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LASIK Criteria for Success: How To Tell If LASIK or PRK Is It For You

While many people would like to undergo LASIK or PRK surgery, not everyone is candidate. If you are interested in undergoing LASIK or PRK surgery, you will need to take a close look to see if this type of surgery is for you. While medical conditions within the eyes themselves, or physiological characteristics of the eyes, will determine whether or not you are a candidate for LASIK or PRK, there are lifestyle issues that can also be a determining factor in your LASIK criteria for success. Whether or not you qualify for LASIK or PRK will depend on an initial evaluation by an ophthalmologist, and looking closely at lifestyle and budget issues.

In order for an ophthalmologist to gain accurate results on your first examination, it is important that you stop wearing contacts and switch to eyeglasses a few weeks before your first appointment. Your ophthalmologist will then look at your eyes, and your medical and prescription history, to see if you are a potential candidate for LASIK or PRK. Some potential factors that can reduce your chances of qualifying for LASIK surgery that your ophthalmologist may find include: prescription history, medical problems, current medications, eye conditions and physiology, and thin corneas.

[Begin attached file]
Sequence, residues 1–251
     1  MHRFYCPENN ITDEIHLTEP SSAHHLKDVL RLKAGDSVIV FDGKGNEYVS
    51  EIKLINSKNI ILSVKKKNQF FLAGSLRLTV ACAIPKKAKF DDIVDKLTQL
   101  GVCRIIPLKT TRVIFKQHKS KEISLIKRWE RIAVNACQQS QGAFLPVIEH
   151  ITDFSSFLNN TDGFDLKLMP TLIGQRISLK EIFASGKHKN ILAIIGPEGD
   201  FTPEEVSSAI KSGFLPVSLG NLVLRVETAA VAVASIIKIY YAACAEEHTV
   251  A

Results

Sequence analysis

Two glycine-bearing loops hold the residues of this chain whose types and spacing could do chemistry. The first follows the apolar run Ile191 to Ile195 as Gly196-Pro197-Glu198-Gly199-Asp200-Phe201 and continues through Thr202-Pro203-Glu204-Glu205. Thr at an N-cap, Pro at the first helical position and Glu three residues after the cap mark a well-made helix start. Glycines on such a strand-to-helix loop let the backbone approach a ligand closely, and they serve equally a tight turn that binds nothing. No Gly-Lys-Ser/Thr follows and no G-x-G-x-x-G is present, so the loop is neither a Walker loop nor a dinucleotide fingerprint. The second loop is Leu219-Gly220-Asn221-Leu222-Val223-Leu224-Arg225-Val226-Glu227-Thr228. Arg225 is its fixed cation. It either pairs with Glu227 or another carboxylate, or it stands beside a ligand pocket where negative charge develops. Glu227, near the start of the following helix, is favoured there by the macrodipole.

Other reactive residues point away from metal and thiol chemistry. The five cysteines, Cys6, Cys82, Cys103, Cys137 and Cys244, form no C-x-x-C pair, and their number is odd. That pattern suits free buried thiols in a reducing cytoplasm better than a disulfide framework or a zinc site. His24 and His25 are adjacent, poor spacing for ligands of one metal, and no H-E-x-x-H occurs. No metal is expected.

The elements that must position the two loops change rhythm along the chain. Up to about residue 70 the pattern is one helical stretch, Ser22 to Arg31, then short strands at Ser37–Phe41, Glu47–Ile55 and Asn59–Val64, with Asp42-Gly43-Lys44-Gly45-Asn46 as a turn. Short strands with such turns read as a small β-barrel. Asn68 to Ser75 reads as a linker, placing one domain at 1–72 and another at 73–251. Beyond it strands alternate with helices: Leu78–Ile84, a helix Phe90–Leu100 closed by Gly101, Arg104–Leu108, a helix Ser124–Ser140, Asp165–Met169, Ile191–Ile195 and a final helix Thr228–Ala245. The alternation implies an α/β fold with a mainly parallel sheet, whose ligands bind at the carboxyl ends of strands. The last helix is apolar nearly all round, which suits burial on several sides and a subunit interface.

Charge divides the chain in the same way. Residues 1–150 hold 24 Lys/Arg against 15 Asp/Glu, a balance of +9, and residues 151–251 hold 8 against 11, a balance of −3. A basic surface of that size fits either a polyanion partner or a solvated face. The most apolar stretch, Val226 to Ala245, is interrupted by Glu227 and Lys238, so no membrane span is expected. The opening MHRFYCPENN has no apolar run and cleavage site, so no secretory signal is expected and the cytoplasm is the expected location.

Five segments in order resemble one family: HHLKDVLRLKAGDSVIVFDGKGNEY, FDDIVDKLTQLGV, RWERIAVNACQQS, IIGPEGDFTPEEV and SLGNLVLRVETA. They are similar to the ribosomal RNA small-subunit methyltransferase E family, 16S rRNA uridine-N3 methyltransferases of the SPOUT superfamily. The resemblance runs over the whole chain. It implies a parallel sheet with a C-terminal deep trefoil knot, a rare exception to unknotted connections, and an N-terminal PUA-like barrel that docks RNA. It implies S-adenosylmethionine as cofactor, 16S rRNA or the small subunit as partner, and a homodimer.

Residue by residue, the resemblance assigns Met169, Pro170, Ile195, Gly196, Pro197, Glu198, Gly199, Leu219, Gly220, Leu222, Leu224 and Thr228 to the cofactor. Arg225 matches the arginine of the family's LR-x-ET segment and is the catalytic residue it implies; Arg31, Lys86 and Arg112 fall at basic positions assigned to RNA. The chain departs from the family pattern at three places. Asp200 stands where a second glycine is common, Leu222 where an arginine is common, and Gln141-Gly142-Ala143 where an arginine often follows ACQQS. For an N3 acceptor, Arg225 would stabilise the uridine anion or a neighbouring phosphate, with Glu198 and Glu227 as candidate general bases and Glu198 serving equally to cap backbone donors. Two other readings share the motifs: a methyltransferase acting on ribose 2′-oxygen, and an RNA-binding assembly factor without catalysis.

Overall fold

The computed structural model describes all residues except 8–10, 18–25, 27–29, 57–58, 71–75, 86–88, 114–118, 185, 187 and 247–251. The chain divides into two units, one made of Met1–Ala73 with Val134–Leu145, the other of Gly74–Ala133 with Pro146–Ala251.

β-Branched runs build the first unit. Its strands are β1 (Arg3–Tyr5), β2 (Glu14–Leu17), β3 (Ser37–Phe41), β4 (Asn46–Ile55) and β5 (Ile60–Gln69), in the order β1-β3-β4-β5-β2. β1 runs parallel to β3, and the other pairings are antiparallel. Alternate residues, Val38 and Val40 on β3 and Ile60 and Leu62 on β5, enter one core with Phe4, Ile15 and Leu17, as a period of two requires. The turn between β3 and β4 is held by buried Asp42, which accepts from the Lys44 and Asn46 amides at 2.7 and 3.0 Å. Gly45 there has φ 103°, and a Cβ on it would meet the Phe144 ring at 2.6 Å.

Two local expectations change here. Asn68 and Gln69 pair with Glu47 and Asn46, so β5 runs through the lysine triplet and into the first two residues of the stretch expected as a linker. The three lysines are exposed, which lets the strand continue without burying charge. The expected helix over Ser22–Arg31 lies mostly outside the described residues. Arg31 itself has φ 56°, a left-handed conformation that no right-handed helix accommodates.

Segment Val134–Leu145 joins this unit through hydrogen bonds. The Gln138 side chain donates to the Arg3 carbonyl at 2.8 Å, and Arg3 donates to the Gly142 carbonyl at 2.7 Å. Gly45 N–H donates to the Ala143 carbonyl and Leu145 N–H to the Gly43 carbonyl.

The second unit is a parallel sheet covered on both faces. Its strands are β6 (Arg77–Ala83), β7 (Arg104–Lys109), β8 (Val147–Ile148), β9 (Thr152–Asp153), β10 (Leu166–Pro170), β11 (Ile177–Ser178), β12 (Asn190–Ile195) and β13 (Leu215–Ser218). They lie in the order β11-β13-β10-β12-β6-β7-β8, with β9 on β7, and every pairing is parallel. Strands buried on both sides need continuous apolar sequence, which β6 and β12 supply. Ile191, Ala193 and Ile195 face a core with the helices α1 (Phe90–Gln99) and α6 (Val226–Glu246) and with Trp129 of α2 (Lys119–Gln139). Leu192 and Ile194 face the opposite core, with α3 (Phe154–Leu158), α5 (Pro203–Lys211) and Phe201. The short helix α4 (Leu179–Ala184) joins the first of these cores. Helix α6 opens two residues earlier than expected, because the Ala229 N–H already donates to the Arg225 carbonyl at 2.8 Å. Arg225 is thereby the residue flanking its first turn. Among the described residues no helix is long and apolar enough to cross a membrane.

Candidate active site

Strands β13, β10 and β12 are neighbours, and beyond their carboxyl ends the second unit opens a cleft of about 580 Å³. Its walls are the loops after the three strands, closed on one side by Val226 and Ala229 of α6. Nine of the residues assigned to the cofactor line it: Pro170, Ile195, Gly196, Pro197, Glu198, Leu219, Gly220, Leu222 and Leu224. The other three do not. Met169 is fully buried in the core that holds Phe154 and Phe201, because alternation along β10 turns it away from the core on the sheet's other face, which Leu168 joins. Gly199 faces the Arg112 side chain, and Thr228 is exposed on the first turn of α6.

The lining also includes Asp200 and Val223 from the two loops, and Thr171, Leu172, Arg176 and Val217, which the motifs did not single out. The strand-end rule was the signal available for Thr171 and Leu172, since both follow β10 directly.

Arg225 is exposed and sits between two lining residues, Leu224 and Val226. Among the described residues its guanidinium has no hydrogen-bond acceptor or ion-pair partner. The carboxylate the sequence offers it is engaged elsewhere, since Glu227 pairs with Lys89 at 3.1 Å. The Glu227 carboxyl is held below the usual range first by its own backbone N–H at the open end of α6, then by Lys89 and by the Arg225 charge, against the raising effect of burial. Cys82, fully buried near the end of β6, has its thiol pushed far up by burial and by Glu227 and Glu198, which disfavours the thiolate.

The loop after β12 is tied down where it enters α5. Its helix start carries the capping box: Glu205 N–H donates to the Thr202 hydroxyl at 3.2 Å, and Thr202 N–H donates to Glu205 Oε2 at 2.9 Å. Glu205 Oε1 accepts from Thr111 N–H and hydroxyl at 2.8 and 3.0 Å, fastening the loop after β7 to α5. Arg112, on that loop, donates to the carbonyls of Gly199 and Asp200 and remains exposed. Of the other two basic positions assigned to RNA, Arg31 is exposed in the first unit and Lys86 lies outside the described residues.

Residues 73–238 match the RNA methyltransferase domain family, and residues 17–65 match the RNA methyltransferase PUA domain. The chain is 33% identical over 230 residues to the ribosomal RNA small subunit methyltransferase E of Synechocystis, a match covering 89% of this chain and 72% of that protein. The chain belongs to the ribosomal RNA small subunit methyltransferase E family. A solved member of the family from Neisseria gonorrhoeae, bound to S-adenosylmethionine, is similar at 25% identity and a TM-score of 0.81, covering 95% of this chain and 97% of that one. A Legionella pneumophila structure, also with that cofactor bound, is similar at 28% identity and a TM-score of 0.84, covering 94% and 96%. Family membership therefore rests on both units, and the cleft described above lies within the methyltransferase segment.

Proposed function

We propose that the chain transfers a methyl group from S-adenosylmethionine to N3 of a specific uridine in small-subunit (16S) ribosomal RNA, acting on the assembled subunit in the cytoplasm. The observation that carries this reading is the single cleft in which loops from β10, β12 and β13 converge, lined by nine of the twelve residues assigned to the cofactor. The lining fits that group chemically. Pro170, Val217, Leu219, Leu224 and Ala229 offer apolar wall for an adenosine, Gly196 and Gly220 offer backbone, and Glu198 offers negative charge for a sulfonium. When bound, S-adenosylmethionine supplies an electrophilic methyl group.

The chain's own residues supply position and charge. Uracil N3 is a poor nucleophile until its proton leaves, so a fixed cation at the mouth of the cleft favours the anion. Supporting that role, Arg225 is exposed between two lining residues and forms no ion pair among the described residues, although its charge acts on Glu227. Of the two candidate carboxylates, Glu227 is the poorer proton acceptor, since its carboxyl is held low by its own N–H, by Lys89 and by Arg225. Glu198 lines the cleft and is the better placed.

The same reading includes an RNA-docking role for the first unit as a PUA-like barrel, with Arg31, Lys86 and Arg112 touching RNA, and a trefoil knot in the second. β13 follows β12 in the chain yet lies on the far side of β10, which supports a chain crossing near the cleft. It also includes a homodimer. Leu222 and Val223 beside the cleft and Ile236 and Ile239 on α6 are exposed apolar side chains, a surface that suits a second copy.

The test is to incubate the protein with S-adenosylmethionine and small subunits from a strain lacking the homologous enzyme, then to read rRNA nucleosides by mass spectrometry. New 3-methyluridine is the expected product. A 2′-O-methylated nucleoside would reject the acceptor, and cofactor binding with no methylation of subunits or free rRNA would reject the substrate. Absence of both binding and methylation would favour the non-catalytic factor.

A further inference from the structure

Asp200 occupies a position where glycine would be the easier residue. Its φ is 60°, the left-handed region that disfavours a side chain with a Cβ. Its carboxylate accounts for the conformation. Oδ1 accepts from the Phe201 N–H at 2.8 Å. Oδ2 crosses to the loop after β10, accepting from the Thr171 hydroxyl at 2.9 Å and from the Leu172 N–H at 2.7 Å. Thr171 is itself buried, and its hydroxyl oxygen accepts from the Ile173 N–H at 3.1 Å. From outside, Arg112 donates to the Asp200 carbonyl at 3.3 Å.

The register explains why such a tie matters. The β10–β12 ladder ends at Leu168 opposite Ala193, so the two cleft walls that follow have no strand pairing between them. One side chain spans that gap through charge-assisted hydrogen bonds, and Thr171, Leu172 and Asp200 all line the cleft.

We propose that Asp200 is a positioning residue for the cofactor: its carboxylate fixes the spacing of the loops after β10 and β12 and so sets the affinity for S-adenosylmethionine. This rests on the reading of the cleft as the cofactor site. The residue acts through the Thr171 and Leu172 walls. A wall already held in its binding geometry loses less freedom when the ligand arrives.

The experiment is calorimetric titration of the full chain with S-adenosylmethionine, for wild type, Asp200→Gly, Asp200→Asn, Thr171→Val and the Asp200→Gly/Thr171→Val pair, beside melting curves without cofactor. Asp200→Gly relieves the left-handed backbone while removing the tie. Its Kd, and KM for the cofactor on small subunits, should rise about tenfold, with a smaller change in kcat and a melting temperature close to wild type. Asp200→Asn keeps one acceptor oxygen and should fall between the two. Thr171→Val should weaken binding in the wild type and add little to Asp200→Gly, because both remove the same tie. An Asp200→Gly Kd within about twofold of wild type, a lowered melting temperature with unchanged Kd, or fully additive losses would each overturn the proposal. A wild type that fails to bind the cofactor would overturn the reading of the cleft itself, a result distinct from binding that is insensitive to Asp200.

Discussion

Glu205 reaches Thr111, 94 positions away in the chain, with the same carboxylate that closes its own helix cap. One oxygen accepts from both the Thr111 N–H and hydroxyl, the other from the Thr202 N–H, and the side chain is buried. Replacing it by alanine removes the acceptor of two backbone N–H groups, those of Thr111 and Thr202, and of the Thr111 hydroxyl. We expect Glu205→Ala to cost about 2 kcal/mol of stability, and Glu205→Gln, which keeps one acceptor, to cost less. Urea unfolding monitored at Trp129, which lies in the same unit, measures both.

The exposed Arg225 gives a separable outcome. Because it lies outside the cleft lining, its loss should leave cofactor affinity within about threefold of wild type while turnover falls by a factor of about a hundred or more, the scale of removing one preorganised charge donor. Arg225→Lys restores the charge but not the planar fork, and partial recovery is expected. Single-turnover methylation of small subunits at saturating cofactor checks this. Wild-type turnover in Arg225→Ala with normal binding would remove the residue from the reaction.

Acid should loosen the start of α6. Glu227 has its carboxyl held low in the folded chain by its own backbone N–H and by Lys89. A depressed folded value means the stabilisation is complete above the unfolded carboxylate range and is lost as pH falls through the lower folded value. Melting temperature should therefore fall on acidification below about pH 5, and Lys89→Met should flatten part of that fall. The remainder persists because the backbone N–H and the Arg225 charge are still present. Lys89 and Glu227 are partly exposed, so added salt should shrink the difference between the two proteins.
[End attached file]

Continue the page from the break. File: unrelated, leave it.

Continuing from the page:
LASIK surgery is generally not recommended for those who have not had the same eyewear prescription for at least two years; people who are taking medications which may contribute to fluctuating vision, or who are currently on steroids, are also usually not good candidates for eye surgery. Those who have medical conditions such as diabetes, autoimmune diseases and disorders, or who are pregnant or breastfeeding are also not good candidates for LASIK or PRK. Eye conditions and physiology which may reduce your chances of obtaining good results from LASIK or PRK procedures include: inflammation of the eyelids, large pupils, thin corneas, glaucoma, uveitis, and previous eye surgeries.

If your ophthalmologist clears you for LASIK or PRK surgery based on your physical and medical history, you will then need to take a close look at your lifestyle and budget. There are some jobs in which LASIK or PRK surgery is prohibited, and there are some types of lifestyle activities that can harm the outcome of corrective eye surgery. As a general rule, those who are frequently engaged in contact sports, or sports in which the eyes can be damaged, should avoid LASIK or PRK surgery. Corrective eye surgery such as LASIK or PRK can also be quite expensive, and the costs have been rising in recent years due to new and improved technologies. If you are thinking about having LASIK or PRK procedures, take the entire cost of the procedure into consideration. Make sure that you will be able to afford the surgery, or that you can keep up on any financial payments that you arranged.

Keep in mind that not everyone can handle corrective eye surgery. The procedure itself is generally painless and quick, but it can still be stressful for some people. If you are at risk for having too much stress or anxiety during the surgery, than you should wait until these fears are conquered. You will also need to be aware of the risks of the surgery, and comfortable with taking these risks.


 
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